Motion Filed To Put Pension Law On Hold
By Amanda Vinicky
A court is being asked to prevent any aspect of Illinois' pension overhaul from taking effect, until it's decided whether the law is constitutional.
State employees, teachers and university and community college workers who will see their pensions reduced under the law passed late last year have plenty of gripes: many will have to work more years for a smaller pension. Various lawsuits are seeking to declare it unconstitutional.
But while that's being decided, the State University Annuitants Association has filed a motion to put the law on hold, in part because it's basically forcing the hand of people who are eligible to retire.
These workers can escape some of the pension reductions if they quit before July. But once someone retires, there's no going back.
The filing argues that "misinformation and confusion" surrounding the pension law is widespread.
And with State University Retirement System overwhelmed with members seeking counseling, people are having to make these decisions without "the benefit of full information." It says many workers may be compelled to retire on the mere chance the law would be upheld.
Already, there are reports of higher-than-usual university workers retiring -- according to SURS, as many as 17,000 are eligible.
"My hope is that by filing this motion, we'll get some information out to people, and they can hold off a little bit," said Aaron Maduff, the SUAA's attorney. "We have lots of people who are concerned, many who are confused, many who recognize that if they don't act now and the law is upheld ... are in a position of losing a lot of money, and they are simply going to retire because they can't take the chance."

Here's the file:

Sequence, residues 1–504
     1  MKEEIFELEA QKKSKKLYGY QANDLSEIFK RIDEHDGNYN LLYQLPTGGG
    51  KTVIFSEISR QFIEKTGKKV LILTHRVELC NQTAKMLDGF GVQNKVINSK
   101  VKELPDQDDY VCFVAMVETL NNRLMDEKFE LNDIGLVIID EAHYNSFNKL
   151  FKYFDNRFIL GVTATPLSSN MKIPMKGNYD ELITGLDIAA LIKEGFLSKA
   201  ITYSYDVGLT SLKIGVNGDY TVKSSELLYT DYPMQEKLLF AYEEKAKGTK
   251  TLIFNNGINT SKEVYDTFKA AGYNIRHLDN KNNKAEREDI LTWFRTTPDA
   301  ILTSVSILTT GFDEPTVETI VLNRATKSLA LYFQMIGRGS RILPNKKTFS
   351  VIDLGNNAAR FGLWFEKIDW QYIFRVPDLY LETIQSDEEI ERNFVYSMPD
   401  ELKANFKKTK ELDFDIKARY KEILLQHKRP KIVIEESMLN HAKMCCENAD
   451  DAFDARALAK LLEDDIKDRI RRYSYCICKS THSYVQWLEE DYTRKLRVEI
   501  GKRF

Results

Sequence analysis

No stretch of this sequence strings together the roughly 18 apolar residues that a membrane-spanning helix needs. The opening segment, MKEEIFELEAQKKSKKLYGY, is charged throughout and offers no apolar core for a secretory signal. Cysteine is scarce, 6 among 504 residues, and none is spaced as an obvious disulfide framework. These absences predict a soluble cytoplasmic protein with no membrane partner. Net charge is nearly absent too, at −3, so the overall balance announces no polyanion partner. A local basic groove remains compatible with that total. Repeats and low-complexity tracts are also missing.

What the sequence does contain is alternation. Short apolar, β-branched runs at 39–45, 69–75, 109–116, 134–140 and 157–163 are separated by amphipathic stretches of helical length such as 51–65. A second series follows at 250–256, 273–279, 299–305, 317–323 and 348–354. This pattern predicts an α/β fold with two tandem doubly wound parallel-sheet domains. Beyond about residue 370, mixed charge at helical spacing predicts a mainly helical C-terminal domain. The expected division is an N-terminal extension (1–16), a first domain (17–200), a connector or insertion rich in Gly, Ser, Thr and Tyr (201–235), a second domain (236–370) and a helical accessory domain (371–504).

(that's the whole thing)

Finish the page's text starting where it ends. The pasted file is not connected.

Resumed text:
Though the motion is specific to SURS members, a stay would likely be effective for all affected public employees.
The motion does make reference to what even the pension overhaul's backers admit was a "mistake" in the pension law: basically, because a provision affecting what's known as the Money Purchase Calculation, that applies only to members of the State University Retirement System (but not the other state pension funds, which don't use that formula) cited the wrong year, some university employees stand to lose big chunks of money.
A couple of measures have been filed to correct this technicality (Sen. Chapin Rose, R-Mahomet has filed SB2005 and Rep. Chad Hays, R-Danville is sponsor of HB6225), though there has been no other action and there are those who are skeptical about re-opening the pension law to make even minor changes. But time is running short, as university workers need to make their retirement decisions before July 1.
The State University Annuitant's Association's director, Linda Brookhart, said she is still hopeful the General Assembly will pass that as soon as possible. But she said there are other, overriding issues. So even if the mistake is fixed, she said the entire law should still be put on hold.
Brookhart said the "mass exodus" or university and will hurt the quality of higher education in Illinois.